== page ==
Although we have yet to experience a high number of confirmed cases of H1N1, we like to remind everyone that we are not immune to an H1N1 outbreak and we encourage everyone to continue to take the appropriate steps as requested by the CDC to stay healthy. We advise students, faculty and staff to take the proper precautions to prevent the spread of germs:

If you are experiencing flu-like symptoms, we ask that you stay home, notify your supervisor, and contact your healthcare provider. As NOVA continues to monitor this situation closely, we will continue to provide information and updates to ensure a safe campus environment.

Know the flu symptoms. H1N1 symptoms are similar to the seasonal flu: fever, cough, sore throat, runny or stuffy nose, body aches, headache, chills and fatigue. Diarrhea and vomiting are also possible.

Stay home if you have flu or flu-like illness for at least 24 hours after you no longer have a fever (100 degrees Fahrenheit) or signs of a fever (have chills, feel very warm, have a flushed appearance or are sweating). This should be determined without the use of fever-reducing medications (any medicine that contains ibuprofen or acetaminophen).

Ask your health care provider if you should be vaccinated for seasonal flu. If you are at higher risk for flu complications from the H1N1 flu, consider getting the H1N1vaccine when it becomes available.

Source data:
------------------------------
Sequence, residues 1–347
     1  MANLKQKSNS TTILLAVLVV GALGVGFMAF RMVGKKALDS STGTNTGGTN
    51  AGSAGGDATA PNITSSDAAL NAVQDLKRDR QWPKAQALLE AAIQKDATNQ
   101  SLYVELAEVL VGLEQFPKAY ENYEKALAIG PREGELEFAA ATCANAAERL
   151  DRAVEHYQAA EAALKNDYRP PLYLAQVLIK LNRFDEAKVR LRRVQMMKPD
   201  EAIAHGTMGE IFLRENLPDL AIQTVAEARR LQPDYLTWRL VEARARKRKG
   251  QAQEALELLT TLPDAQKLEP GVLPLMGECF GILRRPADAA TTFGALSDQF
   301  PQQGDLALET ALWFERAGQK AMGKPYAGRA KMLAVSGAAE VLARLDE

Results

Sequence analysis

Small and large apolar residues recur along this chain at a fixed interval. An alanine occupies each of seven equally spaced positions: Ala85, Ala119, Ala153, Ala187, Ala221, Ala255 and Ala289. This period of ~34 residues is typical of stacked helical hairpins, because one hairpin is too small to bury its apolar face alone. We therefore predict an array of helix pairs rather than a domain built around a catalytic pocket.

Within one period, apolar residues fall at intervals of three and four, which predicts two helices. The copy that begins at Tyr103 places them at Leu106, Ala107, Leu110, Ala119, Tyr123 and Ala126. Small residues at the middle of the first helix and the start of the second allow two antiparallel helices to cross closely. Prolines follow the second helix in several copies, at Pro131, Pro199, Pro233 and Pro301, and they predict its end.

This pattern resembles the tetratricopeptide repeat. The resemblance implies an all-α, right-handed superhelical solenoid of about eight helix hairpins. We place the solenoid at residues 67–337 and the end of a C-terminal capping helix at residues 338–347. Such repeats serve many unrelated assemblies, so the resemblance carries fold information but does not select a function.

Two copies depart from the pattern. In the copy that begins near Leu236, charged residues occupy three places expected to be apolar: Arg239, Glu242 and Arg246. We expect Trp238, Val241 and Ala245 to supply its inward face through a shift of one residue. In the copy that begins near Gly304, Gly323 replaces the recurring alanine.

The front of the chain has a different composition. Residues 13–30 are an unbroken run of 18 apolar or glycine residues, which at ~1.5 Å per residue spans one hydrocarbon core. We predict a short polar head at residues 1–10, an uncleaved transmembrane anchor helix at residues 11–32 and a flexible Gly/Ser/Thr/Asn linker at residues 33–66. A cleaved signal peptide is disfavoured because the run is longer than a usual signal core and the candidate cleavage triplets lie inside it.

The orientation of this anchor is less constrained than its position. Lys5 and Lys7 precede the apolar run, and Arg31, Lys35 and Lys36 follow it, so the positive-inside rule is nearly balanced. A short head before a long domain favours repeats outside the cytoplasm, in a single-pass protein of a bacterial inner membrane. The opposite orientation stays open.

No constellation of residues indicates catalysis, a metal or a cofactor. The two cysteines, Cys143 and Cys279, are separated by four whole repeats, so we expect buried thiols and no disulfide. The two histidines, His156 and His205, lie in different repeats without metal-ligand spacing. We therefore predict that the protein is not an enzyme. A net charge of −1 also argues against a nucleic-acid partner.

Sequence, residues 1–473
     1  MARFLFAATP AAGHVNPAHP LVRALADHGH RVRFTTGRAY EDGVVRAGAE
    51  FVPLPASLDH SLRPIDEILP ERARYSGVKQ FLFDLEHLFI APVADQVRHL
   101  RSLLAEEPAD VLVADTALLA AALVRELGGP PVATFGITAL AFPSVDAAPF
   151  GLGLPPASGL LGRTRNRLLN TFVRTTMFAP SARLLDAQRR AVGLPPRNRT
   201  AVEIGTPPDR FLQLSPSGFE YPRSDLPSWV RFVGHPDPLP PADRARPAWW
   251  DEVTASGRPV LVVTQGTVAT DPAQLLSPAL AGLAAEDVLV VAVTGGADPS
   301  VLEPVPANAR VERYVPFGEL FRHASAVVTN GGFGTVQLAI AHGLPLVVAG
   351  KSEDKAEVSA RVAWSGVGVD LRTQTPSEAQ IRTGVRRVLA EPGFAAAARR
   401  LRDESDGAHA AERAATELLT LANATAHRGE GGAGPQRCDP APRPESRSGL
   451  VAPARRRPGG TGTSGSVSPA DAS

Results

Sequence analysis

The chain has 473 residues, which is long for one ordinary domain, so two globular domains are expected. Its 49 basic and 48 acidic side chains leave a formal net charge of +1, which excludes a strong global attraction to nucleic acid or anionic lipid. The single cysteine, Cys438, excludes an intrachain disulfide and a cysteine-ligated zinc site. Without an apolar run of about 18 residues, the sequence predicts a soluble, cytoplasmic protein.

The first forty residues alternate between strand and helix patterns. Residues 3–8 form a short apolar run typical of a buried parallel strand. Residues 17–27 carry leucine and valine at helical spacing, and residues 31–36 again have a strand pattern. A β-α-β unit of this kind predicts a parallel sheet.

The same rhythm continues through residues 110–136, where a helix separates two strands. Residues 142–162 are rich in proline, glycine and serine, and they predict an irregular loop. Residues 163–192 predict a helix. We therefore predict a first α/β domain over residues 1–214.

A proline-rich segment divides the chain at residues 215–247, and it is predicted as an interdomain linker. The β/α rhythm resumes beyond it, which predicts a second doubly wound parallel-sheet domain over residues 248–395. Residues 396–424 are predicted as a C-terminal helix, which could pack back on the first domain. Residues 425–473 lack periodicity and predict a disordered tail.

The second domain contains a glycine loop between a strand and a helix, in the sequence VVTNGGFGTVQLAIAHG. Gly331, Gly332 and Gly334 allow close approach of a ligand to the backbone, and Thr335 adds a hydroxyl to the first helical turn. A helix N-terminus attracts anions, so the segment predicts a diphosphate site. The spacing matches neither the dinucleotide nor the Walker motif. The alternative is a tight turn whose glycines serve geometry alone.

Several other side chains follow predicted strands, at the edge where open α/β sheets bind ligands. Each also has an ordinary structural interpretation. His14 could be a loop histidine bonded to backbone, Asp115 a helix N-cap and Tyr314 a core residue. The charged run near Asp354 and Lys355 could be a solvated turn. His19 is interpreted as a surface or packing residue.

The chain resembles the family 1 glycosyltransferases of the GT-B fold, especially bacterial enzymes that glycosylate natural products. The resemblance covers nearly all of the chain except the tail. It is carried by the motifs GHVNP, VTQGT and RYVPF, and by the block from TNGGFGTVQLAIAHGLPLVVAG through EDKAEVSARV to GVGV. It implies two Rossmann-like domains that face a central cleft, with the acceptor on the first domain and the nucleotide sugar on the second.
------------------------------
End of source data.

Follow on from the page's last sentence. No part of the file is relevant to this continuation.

For information about priority groups for vaccination, visit the Centers for Disease Control and Prevention

Stay informed. The U.S. Department of Health and Human Services provides current flu information at

H1N1 Vaccine Recommendations

The CDC reports, that the seasonal flu vaccine is unlikely to provide protection against novel H1N1 influenza. However a novel H1N1 vaccine is currently in production and may be ready for the public in the fall. The novel H1N1 vaccine is not intended to replace the seasonal flu vaccine – it is intended to be used along-side seasonal flu vaccine.

The groups recommended to receive the novel H1N1 influenza vaccine include:

  • Pregnant women because they are at higher risk of complications and can potentially provide protection to infants who cannot be vaccinated.

  • Household contacts and caregivers for children younger than 6 months of age because younger infants are at higher risk of influenza-related complications and cannot be vaccinated. Vaccination of those in close contact with infants less than 6 months old might help protect infants by “cocooning” them from the virus.

  • Health care and emergency medical services personnel because infections among health care workers have been reported and this can be a potential source of infection for vulnerable patients. Also, increased absenteeism in this population could reduce health care system capacity.

All people from 6 months through 24 years of age

  • Children from 6 months through 18 years of age because we have seen many cases of novel H1N1 influenza in children and they are in close contact with each other in school and day care settings, which increases the likelihood of disease spread .
  • Young adults 19 through 24 years of age because we have seen many cases of novel H1N1 influenza in these healthy young adults and they often live, work, and study in close proximity, and they are a frequently mobile population.
  • Persons aged 25 through 64 years who have health conditions associated with higher risk of medical complications from influenza.

    For more information visit the Centers for Disease Control and Prevention